Server virtualization is the masking of server resources, including the number and identity of individual physical servers, processors, and operating systems, from server users. The server administrator uses a software application to divide one physical server into multiple isolated virtual environments. The virtual environments are sometimes called virtual private servers, but they are also known as guests, instances, containers or emulations.
There are three popular approaches to server virtualization: the virtual machine model, the paravirtual machine model, and virtualization at the operating system (OS) layer.
Virtual machines are based on the host/guest paradigm. Each guest runs on a virtual imitation of the hardware layer. This approach allows the guest operating system to run without modifications. It also allows the administrator to create guests that use different operating systems. The guest has no knowledge of the host’s operating system because it is not aware that it’s not running on real hardware. It does, however, require real computing resources from the host — so it uses a hypervisor to coordinate instructions to the CPU. The hypervisor is called a virtual machine monitor (VMM). It validates all the guest-issued CPU instructions and manages any executed code that requires addition privileges. VMware and Microsoft Virtual Server both use the virtual machine model.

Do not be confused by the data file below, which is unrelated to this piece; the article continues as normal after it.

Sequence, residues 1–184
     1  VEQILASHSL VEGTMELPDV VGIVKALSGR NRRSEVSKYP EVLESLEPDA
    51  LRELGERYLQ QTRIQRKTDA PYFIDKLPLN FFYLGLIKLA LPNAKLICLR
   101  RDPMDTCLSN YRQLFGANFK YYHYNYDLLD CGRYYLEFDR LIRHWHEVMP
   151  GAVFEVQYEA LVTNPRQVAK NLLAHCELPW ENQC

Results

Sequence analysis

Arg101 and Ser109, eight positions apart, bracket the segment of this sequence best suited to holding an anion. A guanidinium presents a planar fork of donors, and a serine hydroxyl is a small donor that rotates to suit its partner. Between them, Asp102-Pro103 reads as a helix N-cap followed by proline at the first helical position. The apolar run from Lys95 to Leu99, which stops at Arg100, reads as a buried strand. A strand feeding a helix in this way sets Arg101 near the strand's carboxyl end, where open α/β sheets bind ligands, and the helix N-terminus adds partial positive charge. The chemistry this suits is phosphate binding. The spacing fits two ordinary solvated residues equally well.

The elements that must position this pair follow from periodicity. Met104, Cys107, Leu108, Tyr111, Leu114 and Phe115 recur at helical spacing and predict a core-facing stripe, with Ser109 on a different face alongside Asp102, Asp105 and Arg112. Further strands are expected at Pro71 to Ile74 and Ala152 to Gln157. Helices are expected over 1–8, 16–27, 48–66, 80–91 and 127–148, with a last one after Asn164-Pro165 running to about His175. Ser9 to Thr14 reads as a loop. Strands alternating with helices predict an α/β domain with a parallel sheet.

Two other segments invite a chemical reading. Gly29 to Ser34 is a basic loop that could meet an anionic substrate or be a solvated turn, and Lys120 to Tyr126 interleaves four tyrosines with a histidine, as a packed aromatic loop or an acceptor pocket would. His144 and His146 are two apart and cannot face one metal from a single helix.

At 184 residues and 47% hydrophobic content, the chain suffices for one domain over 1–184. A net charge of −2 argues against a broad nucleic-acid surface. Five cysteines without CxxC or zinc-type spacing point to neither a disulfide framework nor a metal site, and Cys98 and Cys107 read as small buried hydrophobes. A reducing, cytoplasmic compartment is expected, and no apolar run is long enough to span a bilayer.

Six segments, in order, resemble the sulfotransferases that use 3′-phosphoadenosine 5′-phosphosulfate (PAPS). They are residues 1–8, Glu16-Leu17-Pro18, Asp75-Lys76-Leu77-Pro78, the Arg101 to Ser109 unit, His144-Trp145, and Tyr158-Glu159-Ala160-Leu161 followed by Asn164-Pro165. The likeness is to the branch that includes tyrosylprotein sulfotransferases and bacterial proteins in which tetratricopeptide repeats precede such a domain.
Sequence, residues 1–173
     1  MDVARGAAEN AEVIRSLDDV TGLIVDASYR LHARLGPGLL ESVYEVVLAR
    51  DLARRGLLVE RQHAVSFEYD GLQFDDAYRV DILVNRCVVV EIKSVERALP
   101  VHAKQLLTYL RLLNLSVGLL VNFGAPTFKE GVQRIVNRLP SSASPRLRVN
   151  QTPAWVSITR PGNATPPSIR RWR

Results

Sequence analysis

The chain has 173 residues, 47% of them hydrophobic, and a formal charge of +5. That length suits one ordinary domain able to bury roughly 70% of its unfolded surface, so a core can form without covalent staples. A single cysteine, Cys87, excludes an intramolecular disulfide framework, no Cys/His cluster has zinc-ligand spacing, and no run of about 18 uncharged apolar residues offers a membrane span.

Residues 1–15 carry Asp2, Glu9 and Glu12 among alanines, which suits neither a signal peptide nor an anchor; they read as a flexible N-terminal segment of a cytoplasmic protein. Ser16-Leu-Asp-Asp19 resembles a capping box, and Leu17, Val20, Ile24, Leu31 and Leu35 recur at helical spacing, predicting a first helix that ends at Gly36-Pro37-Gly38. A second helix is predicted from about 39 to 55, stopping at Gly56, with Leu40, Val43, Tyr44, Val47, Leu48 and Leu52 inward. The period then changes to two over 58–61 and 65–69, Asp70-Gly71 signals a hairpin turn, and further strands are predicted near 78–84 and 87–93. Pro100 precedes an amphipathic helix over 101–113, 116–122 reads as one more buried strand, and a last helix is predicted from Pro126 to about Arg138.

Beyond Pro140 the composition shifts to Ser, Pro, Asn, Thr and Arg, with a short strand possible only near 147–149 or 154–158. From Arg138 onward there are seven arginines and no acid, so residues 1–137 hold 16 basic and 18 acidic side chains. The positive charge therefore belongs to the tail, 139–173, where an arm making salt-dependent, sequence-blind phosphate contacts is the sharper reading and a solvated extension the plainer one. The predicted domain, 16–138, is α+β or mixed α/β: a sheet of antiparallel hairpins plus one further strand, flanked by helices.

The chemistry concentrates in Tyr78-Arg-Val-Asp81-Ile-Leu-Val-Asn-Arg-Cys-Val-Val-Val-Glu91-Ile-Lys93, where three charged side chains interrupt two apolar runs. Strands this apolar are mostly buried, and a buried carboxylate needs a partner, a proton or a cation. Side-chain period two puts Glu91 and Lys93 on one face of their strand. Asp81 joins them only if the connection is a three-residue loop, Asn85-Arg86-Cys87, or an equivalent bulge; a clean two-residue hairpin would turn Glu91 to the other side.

The paravirtual machine (PVM) model is also based on the host/guest paradigm — and it uses a virtual machine monitor too. In the paravirtual machine model, however, The VMM actually modifies the guest operating system’s code. This modification is called porting. Porting supports the VMM so it can utilize privileged systems calls sparingly. Like virtual machines, paravirtual machines are capable of running multiple operating systems. Xen and UML both use the paravirtual machine model.